TURKISH CABINET SENDS U.S. TROOP MOTION TO PARLIAMENTTurkish government spokesman Cemil Cicek told reporters on 19 March that the Turkish parliament is likely to vote on 20 March on a motion permitting overflight rights to U.S. military aircraft, "Anatolia" reported. The motion also includes a provision for sending Turkish soldiers abroad. There is reportedly no provision for the stationing of additional U.S. troops on Turkish soil. Asked how many Turkish soldiers might be sent to northern Iraq, Cicek replied, "Their number will be as much as necessary." KR
 U.K. PARLIAMENT SUPPORTS GOVERNMENT DECISION TO HELP DISARM IRAQI REGIMEThe British Parliament voted to support a decision by Prime Minister Tony Blair to participate in a U.S.-led coalition to disarm the Iraqi regime, BBC News reported on 19 March. Debate on the vote, authorizing the use of "all means necessary" to disarm Hussein, extended late into the evening of 18 March, with 412 members voting in favor and 149 members voting against. "It is now time for all of us in Parliament and in the country to come together and show the support our armed forces deserve," a spokesman for Blair said after the vote. KR
 JORDAN RESTRICTS ENTRY OF IRAQISJordan has limited the entry of Iraqis into the Hashemite Kingdom, permitting only those with residence permits or those traveling to third countries across the Iraqi-Jordanian border, "The Jordan Times" reported on 19 March. An unnamed security official told the Amman-based daily that he received instructions not to allow Iraqi citizens to cross the border, except under those two conditions, adding, "We have seen only foreign diplomats working in Baghdad and Jordanian students from different Iraqi cities crossing the borders these two days." Meanwhile, Jordan is constructing two refugee camps near Al-Ruwayshid, 80 kilometers west of the Jordanian-Iraqi border, to accommodate Iraqi refugees. KR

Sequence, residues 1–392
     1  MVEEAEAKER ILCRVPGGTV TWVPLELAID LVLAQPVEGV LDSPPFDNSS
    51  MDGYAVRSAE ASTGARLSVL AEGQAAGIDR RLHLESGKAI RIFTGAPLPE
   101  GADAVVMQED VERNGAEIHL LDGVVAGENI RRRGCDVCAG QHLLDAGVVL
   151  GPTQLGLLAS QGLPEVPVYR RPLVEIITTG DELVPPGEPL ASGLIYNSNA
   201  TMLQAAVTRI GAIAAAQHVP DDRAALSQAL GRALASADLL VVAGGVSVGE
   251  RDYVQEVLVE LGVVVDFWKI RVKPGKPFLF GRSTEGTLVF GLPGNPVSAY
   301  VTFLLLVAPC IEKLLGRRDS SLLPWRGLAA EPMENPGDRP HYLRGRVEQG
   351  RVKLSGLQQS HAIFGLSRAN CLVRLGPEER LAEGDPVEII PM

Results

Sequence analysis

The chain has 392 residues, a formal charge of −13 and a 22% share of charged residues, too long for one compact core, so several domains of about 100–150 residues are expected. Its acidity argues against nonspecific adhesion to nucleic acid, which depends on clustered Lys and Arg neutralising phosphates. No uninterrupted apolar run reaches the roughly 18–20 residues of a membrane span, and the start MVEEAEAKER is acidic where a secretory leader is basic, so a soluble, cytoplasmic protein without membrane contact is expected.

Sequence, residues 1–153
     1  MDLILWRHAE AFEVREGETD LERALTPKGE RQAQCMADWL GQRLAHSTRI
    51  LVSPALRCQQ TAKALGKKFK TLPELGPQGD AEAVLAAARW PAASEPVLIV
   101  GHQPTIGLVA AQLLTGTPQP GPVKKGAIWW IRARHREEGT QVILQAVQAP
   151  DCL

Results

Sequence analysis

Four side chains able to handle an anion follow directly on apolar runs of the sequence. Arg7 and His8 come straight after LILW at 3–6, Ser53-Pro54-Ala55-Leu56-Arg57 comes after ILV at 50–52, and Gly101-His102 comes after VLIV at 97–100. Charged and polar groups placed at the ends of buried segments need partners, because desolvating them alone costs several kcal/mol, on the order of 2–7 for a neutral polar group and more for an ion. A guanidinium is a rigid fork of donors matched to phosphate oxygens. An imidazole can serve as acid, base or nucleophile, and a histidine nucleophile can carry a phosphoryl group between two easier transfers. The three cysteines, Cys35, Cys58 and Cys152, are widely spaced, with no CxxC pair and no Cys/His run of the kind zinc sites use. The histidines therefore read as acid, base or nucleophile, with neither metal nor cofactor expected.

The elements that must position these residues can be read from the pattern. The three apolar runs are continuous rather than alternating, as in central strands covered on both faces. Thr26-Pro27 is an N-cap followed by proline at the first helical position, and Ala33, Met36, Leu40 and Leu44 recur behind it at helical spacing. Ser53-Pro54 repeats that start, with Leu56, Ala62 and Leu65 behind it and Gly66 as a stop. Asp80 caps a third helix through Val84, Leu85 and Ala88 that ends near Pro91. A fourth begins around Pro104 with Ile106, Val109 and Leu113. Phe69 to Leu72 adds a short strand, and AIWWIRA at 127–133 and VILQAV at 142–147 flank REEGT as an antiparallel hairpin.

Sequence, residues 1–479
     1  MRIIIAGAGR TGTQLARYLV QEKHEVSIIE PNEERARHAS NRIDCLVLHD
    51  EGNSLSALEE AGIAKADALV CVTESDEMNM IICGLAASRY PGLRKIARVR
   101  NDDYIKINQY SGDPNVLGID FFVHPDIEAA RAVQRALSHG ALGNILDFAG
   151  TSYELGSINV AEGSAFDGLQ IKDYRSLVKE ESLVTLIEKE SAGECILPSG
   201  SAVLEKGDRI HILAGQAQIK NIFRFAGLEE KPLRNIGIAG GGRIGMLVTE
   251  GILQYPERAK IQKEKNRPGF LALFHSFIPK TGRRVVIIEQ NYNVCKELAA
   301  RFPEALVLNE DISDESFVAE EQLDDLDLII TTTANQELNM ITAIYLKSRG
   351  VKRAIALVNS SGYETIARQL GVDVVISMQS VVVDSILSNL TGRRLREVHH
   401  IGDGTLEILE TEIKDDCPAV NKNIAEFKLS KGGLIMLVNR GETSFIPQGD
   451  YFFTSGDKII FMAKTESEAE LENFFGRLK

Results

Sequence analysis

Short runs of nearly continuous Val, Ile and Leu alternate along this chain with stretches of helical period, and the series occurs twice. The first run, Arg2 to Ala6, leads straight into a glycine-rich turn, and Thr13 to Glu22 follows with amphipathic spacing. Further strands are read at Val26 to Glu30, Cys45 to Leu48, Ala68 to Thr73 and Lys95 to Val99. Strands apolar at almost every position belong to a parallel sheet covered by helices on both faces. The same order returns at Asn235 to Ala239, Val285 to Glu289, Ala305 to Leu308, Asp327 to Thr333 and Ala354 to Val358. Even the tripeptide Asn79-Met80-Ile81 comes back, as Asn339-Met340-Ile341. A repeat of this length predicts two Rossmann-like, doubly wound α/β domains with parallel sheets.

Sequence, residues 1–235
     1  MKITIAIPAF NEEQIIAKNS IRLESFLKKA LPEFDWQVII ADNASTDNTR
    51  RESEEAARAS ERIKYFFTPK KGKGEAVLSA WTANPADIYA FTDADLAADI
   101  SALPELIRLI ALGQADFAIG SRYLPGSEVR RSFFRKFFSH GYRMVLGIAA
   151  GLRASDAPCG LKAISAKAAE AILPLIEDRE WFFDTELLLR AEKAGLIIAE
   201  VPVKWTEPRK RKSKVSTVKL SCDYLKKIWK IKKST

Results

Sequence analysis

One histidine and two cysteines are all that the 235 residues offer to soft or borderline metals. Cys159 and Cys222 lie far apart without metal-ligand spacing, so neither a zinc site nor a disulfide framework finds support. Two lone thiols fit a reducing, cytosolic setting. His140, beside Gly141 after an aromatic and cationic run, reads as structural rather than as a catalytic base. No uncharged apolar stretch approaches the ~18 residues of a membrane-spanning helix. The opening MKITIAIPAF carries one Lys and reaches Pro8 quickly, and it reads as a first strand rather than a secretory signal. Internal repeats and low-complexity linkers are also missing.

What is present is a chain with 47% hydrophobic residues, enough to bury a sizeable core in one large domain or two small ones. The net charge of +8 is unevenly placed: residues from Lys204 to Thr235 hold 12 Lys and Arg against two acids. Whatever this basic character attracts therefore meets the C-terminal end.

IRAQI PARLIAMENT HOLDS EMERGENCY SESSIONThe Iraqi National Assembly met in an emergency session on 19 March to discuss the ultimatum issued by U.S. President George W. Bush that President Hussein and his sons leave Iraq or face a U.S.-led strike, Al-Jazeera reported. National Assembly speaker Sa'dun Hammadi opened the session by stating, "What the U.S. administration is doing, and what its president announced recently, call for consternation and denunciation," adding, "Saddam Hussein is the leader of Iraq. He is the sincere son of the people." Hammadi went on to say that Iraq rejects the U.S. ultimatum, insisting: "We reject and denounce it, and we are all standing together behind our leader, and we're ready to defend our land. The fate of the invaders is the same -- failure and the curse of history," Reuters reported. Assembly Deputy Khalid Abd al-Aziz Salim addressed Bush in a speech to the assembly, saying: "You have not learned from your predecessors. You should step down and let the world live in peace or the consequences will be grave and the whole of America will carry your guilt and expose it to the unexpected." KR
 EGYPTIAN PRESIDENT BLAMES IRAQI REGIMEEgyptian President Hosni Mubarak in a 19 March speech to his country criticized the Iraqi regime for putting the region in peril, Reuters reported. "I hope that the Iraqi government recognizes the dangerous situation it has put itself and us in, and that the international powers recognize the dangerous consequences of any military action on security and stability of the Middle East countries as a whole," Mubarak said. Mubarak said the current crisis is the result of the 1991 Iraqi invasion of Kuwait and the "absence of any true Iraqi effort to deal with the crisis of confidence which came about as a result of this aggression and its effects." Mubarak added that Iraq could have done more over the last 12 years to rebuild the trust of its neighbors and the international community. KR